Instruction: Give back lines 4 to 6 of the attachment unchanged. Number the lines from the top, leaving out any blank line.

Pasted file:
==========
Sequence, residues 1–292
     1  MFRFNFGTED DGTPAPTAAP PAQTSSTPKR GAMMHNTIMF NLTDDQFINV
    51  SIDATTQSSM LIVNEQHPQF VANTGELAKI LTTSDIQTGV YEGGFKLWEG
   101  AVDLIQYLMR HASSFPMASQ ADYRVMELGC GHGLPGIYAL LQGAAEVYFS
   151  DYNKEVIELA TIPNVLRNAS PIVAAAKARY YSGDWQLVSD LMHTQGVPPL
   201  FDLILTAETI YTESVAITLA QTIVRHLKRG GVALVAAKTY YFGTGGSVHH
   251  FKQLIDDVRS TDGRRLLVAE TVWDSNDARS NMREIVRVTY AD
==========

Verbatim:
   101  AVDLIQYLMR HASSFPMASQ ADYRVMELGC GHGLPGIYAL LQGAAEVYFS
   151  DYNKEVIELA TIPNVLRNAS PIVAAAKARY YSGDWQLVSD LMHTQGVPPL
   201  FDLILTAETI YTESVAITLA QTIVRHLKRG GVALVAAKTY YFGTGGSVHH